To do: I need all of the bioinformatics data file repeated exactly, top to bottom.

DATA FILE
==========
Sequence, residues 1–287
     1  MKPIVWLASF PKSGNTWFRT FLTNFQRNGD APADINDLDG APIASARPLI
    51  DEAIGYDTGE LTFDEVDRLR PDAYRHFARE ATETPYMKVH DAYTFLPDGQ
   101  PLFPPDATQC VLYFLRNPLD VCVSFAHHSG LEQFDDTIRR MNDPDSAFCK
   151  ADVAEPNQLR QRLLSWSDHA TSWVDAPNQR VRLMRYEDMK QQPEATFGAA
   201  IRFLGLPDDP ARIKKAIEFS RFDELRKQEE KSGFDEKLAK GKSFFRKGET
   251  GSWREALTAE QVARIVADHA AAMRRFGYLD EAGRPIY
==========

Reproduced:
Sequence, residues 1–287
     1  MKPIVWLASF PKSGNTWFRT FLTNFQRNGD APADINDLDG APIASARPLI
    51  DEAIGYDTGE LTFDEVDRLR PDAYRHFARE ATETPYMKVH DAYTFLPDGQ
   101  PLFPPDATQC VLYFLRNPLD VCVSFAHHSG LEQFDDTIRR MNDPDSAFCK
   151  ADVAEPNQLR QRLLSWSDHA TSWVDAPNQR VRLMRYEDMK QQPEATFGAA
   201  IRFLGLPDDP ARIKKAIEFS RFDELRKQEE KSGFDEKLAK GKSFFRKGET
   251  GSWREALTAE QVARIVADHA AAMRRFGYLD EAGRPIY